We did see some buggies parked in the towns that we drove through, as the Amish bring vegetables, baked goods, and quilts to local Saturday farmers’ markets.

We arrived at our campground around noon and were able to set up.  We have stayed in this little park before.  Other times, there have been 4-5 RVs.  Being Memorial Day Weekend, it is jam-packed.  Lots of people out and about.  Lots of tents.  Every site has a campfire going.  Our site is beautiful – right next to the creek and nestled against some beautiful wildflowers. 

We went in to town and met with our daughter Alexis and her boyfriend Graham. We went to Abe’s, one of their favorite places for drinks and to pick up some vegan take-out for them.

Back at the campground, we made a fire, too and enjoyed the pleasant evening. 

DINNER:  Home-made soup.  I made this yesterday, in an attempt to warm up the trailer using the stove-top.  It was a vegetable cheesy potato soup:  I sauteed onions, garlic, carrots, celery, and summer sausage.  Then, I added beef broth, chunks of baked potato, a dollop of cream cheese, and some cheddar cheese.  It turned out great.  Sides were salads and a Take-N-Bake French baguette, crispy on the outside from the oven. 

Day #79 – Another day keeping warm in breweries!

LOCATION:  Calmar, Iowa
CAMPGROUND:  PIVO Brewery and Art Studio, part of Harvest Host.  Huge, gravel, flat parking lot.  Very welcoming staff.  Sandwiches and bar food.  Huge beer selection.  5 stars out of 5
WEATHER:  Cold!  High 41

We woke up to a dismal rainy day so decided to drive on to Decorah. 

We checked out Toppling Goliath Brewery in Decorah.  It is quite famous as an up- and- coming brewery. 

We had a nice panini there for lunch and tried one of their beers.  It was really hopping.

Then, on to PIVO where we stayed the night.   It was still cold, but the sun came out.   This brewery wasn’t as busy and felt very welcoming.  After getting settled in, we went in to the brewery to taste some of their beers and have dinner. 

We generally sit at the bar so we can chat with the wait staff.  Today, our server is a teacher who just returned after teaching on an Indian reservation for 10 years.  She and her husband were 4 hours north of Fairbanks by airplane.  She said could do grocery shopping twice a year!  She should write a book.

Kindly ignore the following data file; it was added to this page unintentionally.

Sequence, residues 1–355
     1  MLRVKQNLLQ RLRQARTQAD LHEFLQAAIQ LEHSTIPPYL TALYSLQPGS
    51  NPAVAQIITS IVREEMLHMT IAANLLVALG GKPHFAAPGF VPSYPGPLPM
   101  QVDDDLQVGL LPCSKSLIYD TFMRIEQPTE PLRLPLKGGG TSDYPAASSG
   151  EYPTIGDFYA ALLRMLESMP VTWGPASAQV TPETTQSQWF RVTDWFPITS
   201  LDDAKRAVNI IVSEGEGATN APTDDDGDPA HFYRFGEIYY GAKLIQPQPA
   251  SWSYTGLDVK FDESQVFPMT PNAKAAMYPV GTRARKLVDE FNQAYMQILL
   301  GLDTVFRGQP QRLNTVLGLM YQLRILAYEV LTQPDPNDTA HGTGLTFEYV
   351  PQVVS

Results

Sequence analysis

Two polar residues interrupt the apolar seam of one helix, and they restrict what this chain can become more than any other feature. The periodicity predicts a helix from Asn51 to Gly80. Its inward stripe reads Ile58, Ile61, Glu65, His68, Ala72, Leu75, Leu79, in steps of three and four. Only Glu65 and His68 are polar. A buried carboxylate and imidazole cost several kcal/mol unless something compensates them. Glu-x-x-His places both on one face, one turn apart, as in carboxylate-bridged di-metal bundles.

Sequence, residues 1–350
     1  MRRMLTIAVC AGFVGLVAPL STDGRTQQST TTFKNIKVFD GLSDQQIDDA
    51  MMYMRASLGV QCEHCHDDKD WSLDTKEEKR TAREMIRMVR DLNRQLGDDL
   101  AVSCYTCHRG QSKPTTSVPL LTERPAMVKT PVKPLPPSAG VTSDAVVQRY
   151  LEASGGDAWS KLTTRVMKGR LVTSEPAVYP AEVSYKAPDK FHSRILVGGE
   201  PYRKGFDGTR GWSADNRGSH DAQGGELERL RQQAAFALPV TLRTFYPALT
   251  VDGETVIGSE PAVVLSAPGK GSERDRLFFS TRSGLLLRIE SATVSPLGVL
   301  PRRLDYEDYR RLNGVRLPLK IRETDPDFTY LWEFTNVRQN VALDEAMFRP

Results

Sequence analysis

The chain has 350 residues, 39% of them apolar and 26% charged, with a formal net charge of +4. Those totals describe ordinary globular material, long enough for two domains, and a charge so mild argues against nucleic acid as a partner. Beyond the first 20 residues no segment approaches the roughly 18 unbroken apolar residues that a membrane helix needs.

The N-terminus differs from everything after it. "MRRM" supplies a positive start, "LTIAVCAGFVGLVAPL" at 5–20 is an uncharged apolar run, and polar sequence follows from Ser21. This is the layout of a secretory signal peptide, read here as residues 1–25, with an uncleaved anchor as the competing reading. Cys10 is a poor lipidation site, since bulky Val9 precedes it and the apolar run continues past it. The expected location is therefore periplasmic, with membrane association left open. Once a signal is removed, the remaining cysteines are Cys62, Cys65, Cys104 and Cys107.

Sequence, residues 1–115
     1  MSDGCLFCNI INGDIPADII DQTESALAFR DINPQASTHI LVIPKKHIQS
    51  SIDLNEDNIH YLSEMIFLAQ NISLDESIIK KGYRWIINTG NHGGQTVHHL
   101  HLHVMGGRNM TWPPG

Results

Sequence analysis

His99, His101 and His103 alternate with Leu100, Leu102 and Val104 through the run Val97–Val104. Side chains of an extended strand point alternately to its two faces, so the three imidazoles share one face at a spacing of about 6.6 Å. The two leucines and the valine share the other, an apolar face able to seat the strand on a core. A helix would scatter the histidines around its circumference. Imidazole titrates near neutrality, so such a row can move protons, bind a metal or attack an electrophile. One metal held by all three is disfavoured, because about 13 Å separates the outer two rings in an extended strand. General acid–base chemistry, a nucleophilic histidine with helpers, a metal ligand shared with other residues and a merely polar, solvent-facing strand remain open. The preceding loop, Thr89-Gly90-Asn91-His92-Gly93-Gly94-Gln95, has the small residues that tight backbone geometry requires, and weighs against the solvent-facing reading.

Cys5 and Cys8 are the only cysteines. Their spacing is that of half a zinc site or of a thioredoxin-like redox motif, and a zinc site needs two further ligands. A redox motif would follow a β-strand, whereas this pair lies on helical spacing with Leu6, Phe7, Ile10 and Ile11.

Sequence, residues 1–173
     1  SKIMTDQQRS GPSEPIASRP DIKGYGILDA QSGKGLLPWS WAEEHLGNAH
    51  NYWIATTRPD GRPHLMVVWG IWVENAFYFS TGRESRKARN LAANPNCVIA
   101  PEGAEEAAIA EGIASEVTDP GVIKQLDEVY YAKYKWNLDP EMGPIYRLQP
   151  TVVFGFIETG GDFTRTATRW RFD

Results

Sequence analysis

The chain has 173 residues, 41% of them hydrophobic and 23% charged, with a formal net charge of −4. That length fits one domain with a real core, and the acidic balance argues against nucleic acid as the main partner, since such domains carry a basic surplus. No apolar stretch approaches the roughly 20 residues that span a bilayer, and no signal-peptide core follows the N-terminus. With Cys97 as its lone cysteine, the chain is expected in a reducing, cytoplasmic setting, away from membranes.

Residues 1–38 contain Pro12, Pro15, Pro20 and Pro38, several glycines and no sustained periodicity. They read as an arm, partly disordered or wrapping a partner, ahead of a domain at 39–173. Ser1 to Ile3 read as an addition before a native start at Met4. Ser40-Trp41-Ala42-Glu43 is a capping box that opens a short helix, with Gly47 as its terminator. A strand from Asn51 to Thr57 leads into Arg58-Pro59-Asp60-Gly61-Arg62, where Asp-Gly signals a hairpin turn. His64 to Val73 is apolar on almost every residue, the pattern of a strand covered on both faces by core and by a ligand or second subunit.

We had a very nice evening and kept warm inside. 

DINNER:  A Cuban sandwich with kimchi on the side. 

Day #78 – Staying warm and cozy in a brewery!

LOCATION:  Petosi, Wisconsin
CAMPGROUND:  Petosi Brewery, a Harvest Host site.  We have been here before.  So easy to park in one of their large parking lots.  We are next to the event center across the street.  The staff in the brewery are some of the best we have ever experienced.  5 stars out of 5
WEATHER:  COLD!  Rain all day.  High 45
DISTANCE DRIVEN:  30 minutes

We walked along the Mississippi River levee at the Dubuque brewery where we stayed overnight until it started raining about 9:00 AM.  There were thousands of May-flies, mostly dead along the sidewalk. The robins were stuffing themselves happily. The flies come out, mate, then die, all within 24 hours, and always in May. The only other times we have seen them have been near the Mississippi, too. They must like it here.

With nothing much to do, we headed out.  We had only a 20-mile drive, across the Mississippi from Iowa to Wisconsin and a bit north. 

This is our 3rd time staying at Potosi Brewery.  It is very welcoming, and it is in a convenient location for stopping, yet away from highway noise.  It is on the Great River Road. 

To keep warm, we went in to the brew pub, sat at the bar, chatted endlessly with the bartender, and ate some hot soup for lunch.  We charged our devices and I did some internet work.  They weren’t busy and didn’t mind us hanging out.  We learned that all of their profits go to charity. 

In the afternoon, George napped under a ton of blankets while I read.  Then, back to the brewery to get warm again.  What a difference 24 hours makes!  Here is George yesterday at about 5:00 at the Dubuque wine bistro…